Jussie Smollett Sentenced to 150 Days in Jail, 30 Months Felony Probation for Staging Fake Hate Crime [UPDATED]

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 Former “Empire” actor Jussie Smollett arrives at the Leighton Criminal Courts Building for his sentencing hearing on March 10, 2022 in Chicago, Illinois.
Former “Empire” actor Jussie Smollett arrives at the Leighton Criminal Courts Building for his sentencing hearing on March 10, 2022 in Chicago, Illinois.

Updated as of 3/11/2022 at 9:30 a.m. ET: Chicago’s Mayor Lori Lightfoot has put out an official statement following Smollett’s sentencing on Thursday.

Posted online by Ryan Johnson, the deputy director of communications at the mayor’s office, the statement reads:

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“The criminal conviction of Jussie Smollett by a jury of his peers and today’s sentencing should send a clear message to everyone in the City of Chicago that false claims and allegations will not be tolerated. The malicious and wholly fabricated claim made by Mr. Smollett resulted in over 1500 hours of police work that cost the City over $130,000 in police overtime. The City feels vindicated in today’s ruling that he is being held accountable and that we will appropriately receive restitution for his actions.”

The original story follows below:

Though its been fivescore and 50-leven years since the curious case of Jussie Smollett and the Fake Hate Crime took over the news cycle and virtual water cooler conversations, it seems the end is finally nigh.

On Thursday, the Empire star was officially sentenced to 150 days in Cook County jail in Chicago beginning today and 30 months of felony probation with the freedom to travel due to the nature of his job. He was also ordered to pay $120,106 in restitution to the city of Chicago and was fined $25,000. A motion to reconsider sentence was denied but Smollett’s lawyers made it clear they’d be filing a motion to appeal expeditiously.

His sentence was brought forth by Judge James Lin who previously denied the motion to dismiss Smollett’s prior conviction. In his speech moments before, Judge Lin commended Smollett’s lengthy documented history of social justice activism but also concluded that the actor caused “real damage to real victims of actual hate crimes.” He also surmised that the only reason he believed Smollett concocted the plan for the fake hate crime was because his “arrogant, selfish, and narcissistic” side got the better of him. He also specified that the actor’s “premeditation” was an aggravating factor in the case and that he was a “charlatan pretending to be the victim of a hate crime.” However, the judge also admitted to being moved by the caliber of folks who spoke on the actor’s behalf imploring him for leniency (more on that later.)

Though Smollett initially declined to speak, immediately following his sentence he stood up and passionately stated several times that he was “not suicidal” and that should anything happen to him he did not do it to himself.

Before handing down the sentence, Judge Lin heard arguments from Smollett’s defense attorney Tina Glandian who brought forth various legal errors such as prosecutorial misconduct, the deprivation of his right to a fair trial due to errors during jury selection, the shifting of the burden of proof on behalf of the prosecutorial team during the trial and the violation of Smollett’s contractual right to immunity of prosecution from his initial trial back in 2020 and more as reasons for a potential retrial, as captured by Chicago’s WGN9.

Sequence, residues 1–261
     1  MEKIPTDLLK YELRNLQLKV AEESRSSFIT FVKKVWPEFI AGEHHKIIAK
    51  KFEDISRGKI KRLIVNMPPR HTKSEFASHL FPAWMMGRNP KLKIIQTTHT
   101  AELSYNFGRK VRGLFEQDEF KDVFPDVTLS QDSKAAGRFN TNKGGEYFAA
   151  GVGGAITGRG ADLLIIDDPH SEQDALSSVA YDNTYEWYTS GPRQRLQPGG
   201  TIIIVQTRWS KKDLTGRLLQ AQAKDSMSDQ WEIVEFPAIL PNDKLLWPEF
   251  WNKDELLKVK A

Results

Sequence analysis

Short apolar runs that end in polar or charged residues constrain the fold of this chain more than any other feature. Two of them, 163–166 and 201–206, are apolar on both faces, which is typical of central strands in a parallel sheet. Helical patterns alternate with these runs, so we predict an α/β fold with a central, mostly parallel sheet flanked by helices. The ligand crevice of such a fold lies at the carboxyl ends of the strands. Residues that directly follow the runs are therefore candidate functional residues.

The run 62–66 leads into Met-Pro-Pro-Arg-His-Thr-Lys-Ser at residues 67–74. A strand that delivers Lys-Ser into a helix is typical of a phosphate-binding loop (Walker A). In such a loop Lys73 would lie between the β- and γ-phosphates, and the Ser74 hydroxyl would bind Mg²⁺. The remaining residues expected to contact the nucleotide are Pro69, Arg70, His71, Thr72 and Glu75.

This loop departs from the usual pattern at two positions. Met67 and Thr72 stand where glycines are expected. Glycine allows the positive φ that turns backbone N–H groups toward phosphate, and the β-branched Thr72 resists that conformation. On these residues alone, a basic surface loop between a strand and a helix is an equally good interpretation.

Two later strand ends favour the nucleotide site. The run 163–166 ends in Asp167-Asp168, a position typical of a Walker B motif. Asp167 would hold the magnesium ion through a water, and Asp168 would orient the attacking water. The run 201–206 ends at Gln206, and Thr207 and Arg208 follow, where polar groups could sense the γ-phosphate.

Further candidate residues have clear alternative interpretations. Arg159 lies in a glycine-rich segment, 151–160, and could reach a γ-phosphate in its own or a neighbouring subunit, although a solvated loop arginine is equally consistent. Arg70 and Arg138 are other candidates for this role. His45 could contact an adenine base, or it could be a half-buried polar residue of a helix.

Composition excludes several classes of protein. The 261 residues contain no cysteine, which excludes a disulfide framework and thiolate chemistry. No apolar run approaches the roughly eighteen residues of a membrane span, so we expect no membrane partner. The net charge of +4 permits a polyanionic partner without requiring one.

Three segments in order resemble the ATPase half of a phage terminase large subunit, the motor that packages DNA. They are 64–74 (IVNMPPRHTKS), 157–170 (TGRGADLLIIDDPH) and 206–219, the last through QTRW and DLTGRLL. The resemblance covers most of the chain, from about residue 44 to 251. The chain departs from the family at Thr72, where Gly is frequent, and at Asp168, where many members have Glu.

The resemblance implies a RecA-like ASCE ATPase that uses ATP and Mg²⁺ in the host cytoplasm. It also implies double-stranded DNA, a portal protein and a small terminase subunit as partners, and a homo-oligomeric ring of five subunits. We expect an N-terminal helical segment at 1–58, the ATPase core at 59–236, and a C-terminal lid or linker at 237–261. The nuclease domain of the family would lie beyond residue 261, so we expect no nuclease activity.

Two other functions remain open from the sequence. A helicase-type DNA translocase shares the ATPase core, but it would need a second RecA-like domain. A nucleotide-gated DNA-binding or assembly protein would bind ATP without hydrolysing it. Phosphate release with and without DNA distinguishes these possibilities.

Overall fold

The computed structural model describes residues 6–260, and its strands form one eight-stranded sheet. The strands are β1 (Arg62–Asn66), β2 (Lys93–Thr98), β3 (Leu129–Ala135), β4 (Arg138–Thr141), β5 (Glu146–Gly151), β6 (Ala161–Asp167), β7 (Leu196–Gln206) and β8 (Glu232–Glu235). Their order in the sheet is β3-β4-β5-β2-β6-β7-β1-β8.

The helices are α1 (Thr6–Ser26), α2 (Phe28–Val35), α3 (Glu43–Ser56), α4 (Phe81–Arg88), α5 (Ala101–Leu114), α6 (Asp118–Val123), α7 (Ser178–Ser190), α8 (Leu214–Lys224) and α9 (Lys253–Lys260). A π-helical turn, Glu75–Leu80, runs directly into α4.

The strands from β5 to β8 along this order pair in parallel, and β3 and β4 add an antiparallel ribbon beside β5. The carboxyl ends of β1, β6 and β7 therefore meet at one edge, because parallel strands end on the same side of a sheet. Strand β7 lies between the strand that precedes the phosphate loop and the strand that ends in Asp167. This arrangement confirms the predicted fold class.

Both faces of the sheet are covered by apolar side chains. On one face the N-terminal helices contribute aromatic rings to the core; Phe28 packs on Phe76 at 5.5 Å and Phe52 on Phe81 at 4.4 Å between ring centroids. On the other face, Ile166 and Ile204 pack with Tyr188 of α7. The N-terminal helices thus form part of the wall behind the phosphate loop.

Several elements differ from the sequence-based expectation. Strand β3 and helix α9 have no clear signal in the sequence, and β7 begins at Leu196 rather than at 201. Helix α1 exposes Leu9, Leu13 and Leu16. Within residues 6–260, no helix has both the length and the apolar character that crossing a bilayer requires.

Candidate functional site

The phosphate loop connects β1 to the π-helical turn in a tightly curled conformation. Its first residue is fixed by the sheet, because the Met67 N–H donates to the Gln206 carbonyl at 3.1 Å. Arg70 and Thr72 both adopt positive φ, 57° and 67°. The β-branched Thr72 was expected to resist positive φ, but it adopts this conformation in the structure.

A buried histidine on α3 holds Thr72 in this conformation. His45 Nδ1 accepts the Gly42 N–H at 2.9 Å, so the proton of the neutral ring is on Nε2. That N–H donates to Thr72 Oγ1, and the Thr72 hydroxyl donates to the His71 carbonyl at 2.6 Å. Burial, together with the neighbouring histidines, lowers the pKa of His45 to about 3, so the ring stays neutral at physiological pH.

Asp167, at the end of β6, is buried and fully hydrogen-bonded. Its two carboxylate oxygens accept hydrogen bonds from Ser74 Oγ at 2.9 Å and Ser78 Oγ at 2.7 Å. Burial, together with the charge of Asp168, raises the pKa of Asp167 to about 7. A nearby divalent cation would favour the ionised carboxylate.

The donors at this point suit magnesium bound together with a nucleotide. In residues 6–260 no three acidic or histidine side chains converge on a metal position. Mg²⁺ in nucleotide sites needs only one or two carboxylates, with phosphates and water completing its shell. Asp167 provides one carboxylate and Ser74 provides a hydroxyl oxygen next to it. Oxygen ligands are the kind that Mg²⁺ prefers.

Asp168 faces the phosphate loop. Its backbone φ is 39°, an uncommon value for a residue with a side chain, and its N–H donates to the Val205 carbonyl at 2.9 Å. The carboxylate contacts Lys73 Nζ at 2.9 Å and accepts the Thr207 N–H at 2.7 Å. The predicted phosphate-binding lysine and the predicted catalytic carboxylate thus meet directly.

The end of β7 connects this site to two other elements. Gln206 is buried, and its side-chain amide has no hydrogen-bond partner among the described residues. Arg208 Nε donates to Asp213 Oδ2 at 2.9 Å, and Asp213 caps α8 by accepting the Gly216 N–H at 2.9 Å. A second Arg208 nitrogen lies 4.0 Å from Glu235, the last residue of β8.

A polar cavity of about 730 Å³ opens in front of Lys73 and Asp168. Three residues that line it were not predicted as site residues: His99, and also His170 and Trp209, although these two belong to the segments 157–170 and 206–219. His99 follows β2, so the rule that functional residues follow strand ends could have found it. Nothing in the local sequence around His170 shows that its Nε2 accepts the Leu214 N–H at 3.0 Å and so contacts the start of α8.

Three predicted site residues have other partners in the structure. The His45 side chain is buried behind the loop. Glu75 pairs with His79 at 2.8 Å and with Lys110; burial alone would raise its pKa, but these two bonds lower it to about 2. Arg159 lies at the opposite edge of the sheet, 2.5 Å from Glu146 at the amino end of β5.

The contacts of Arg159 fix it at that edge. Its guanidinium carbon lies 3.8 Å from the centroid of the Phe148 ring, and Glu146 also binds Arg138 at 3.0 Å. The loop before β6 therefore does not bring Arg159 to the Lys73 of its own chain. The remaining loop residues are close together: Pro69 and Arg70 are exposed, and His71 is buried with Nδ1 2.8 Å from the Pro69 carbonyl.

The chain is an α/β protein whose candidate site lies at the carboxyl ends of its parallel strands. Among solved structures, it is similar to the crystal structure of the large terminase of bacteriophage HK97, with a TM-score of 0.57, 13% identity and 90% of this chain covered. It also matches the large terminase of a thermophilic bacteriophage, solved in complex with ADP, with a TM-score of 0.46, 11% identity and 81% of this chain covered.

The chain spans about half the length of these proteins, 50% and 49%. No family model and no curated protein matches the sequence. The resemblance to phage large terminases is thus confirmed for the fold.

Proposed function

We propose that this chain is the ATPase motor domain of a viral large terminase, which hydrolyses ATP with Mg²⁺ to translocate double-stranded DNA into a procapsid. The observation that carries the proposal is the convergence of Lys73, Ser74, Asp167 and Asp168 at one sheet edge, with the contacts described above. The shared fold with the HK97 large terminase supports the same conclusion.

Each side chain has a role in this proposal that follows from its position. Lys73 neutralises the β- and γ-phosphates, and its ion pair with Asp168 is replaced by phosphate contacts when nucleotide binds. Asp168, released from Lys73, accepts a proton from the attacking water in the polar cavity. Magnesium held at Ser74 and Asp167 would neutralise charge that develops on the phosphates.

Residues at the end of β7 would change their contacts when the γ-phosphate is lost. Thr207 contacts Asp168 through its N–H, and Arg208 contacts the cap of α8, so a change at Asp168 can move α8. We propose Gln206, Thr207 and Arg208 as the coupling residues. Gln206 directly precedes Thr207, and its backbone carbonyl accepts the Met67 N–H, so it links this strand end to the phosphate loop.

At one point, Judge Lin interjected: “I do believe at the end of the day that Mr. Smollett received a fair trial,” later adding that “cookie cutter justice” was not “for him.”

After Glandian finished, the prosecutorial team, specifically special prosecutor Sean Wieber, “universally disagreed” with arguments presented by Glandian and brought up four key points to contest those arguments and described Glandian’s arguments as “meritless” and insufficient for the warranting of a new trial. He was then followed up by his colleague Samuel Mendenhall who echoed similar sentiments.

After a brief recess, the defense elected to question several witnesses during the mitigating factors stage of the hearing in an attempt to further prove Smollett’s documented history of his community involvement and philanthropic contributions. Smollett’s older brother Joel Smollett Jr. also gave a prepared statement before the court to ask the judge for leniency for his brother’s sentencing, as did his grandmother Molly Smollett who called on the media to do better at investigative reporting.

Following those statements, the defense read letters imploring the judge to rule in the way of an alternative to incarceration from co-founder of the Los Angeles chapter of the Black Lives Matter Melinda Abdullah, Samuel L. Jackson and his wife LaTanya, the Rev. Jesse Jackson, founder of the Rainbow PUSH Coalition, the Illinois Innocence Project, Alfre Woodard, and NAACP President and CEO Derrick Johnson.

Alternatively, Dan Webb of the prosecutorial brought up the aggravating factors circumstances they felt warranted “an appropriate amount of prison time,” reflective of Smollett’s action and the crime and the proper restitution to the city of Chicago. After Webb concluded, Smollett’s lawyer Nenye Uche implored the judge to rule otherwise asking for probation and no fines. But ultimately, Judge Lin ruled in favor of a shorter jail sentence.

As you all very well know by now, back in December, Smollett was found guilty on five of six counts of disorderly conduct for lying to the police for the faux hate crime. And while this part of the story may be over, Smollett is not out of the legal woods entirely. There’s now the looming potential of a whole new trial as the actor’s lawyers move forward with their appeal.